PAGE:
Selectboard race tops Gill election
Prop. 21/2 override also on ballot
GILL — There is one race on this year’s town election ballot, for the seat on the Selectboard left open by Ann Banash’s decision not to run for re-election after 21 years on the board.
Fred O. Chase II of 278 Route 2 and Gregory M. Snedeker of 26 Trenholm Way have put themselves forward for a decision by voters Monday, with polls open from noon to 8 p.m. in the Public Safety Complex, 196 Main Road.
Voters will also be asked to approve a Proposition 2 1/ 2 debt exclusion, allowing the town to borrow $75,234 toward the $158,000 appropriated at the annual town meeting May 5 to replace the front half of the Public Safety Complex roof. The roof was installed in 1983 and includes layers of roofing paper containing asbestos, responsible for almost a quarter of the estimated cost.
Gary A. Bourbeau of 91 West Gill Road is running unopposed for a vacant two-year term on the Cemetery Commission and all other candidates are incumbents running unopposed.
Incumbents are as follows: Board of Assessors, Raymond E. Purington of 29 Atherton Road; tax collector, Veronica A. LaChance, 5B Mountain Road Estates; Cemetery Commission, Carrie R. Stevens, 79 North Cross Road; constables Fred O. Chase II of 278 Route 2, Fred O. Chase III of 278 Route 2 and Craig D. Gaudry of 121 Barney Hale Road; library trustee, Megan Bathory-Peeler of 471 Mount Hermon Road; Board of Health, Edward W. Galipault Jr. of 93 Boyle Road.
On a separate ballot, Gill residents will be asked to register their votes for the single Gill seat and two Montague seats on the Gill-Montague Regional School Committee up for election this year. There are no contested seats and one new name on that ballot.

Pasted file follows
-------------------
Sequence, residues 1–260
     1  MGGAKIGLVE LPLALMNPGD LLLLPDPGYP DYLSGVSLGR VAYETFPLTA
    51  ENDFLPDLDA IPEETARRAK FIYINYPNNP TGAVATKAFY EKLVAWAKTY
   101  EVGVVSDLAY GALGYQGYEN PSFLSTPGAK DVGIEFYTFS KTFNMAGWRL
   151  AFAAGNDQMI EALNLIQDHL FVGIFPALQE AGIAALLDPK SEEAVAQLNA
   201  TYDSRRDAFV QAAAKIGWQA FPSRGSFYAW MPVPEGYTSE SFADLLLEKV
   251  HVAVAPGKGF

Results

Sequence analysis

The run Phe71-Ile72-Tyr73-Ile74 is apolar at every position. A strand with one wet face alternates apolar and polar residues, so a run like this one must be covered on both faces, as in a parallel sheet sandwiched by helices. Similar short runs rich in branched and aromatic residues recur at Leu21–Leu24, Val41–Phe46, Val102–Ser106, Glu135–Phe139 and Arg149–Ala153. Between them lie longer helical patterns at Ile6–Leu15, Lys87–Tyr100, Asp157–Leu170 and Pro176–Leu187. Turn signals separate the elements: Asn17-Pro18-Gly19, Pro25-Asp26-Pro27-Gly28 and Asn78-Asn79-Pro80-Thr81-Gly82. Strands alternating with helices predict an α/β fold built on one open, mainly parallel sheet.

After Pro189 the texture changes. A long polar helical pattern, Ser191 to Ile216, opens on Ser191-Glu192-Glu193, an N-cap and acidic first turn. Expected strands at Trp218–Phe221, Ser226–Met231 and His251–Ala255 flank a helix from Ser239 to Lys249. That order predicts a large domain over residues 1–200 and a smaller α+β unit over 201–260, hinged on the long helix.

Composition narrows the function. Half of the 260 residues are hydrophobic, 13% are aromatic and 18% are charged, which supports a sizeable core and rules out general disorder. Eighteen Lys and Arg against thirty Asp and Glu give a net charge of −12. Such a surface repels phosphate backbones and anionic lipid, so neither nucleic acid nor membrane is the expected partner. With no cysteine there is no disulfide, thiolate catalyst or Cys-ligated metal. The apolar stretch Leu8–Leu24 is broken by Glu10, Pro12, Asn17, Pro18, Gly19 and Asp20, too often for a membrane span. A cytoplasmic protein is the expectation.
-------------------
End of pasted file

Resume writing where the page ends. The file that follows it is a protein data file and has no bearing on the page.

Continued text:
Incumbent Sandra Brown of 58 River Road, Gill, is running unopposed to retain the Gill seat up for election.
Michael Langknecht of 14 North St., Montague Center, and April Reipold of 17 Chestnut St., Turners Falls, are seeking the two Montague seats.
Langknecht is an incumbent. Shelly Clark is not running for re-election after a two-year partial term, leaving open the second seat sought by Reipold.
Due to a vagary of the regional school district system, voters in both member towns vote for their own and their neighbor’s representatives.
Fred O. Chase II
Fred O. Chase II, 66, of 278 French King Highway, is running on the strength of his decades of experience in town affairs and believes there is room for improvement in town — fiscally and elsewhere.
“My main principle of getting involved is I just think things could be more cost-effective than what we’re doing right now. You’ve got to have schools, you’ve got to pay for transportation, you’ve got to pay for all this stuff but I think they need to look at it a little harder, as to how it’s being paid for and how it’s being spent,” Chase said.
Chase said he has been involved with the town since 1957 when he started mowing cemetery lawns while a student, and has since worked for various periods as a part-time employee of the highway department, firefighter, special police officer and dog officer, continues to serve as a town constable and was a member of the Finance Committee for five or six years, he said, stepping down because he also worked on town vehicles.
Chase is a mechanic and owns Fred’s 4-Wheel Drive Service on Route 2, behind A-J Cycle, where he and son Fred O. Chase III specialize in restoration of antique Mack trucks. In addition to his business, Chase is president of the Antique Truck Club of America, and said he has brought the nonprofit from bankruptcy back into the black, and said towns can be run like businesses.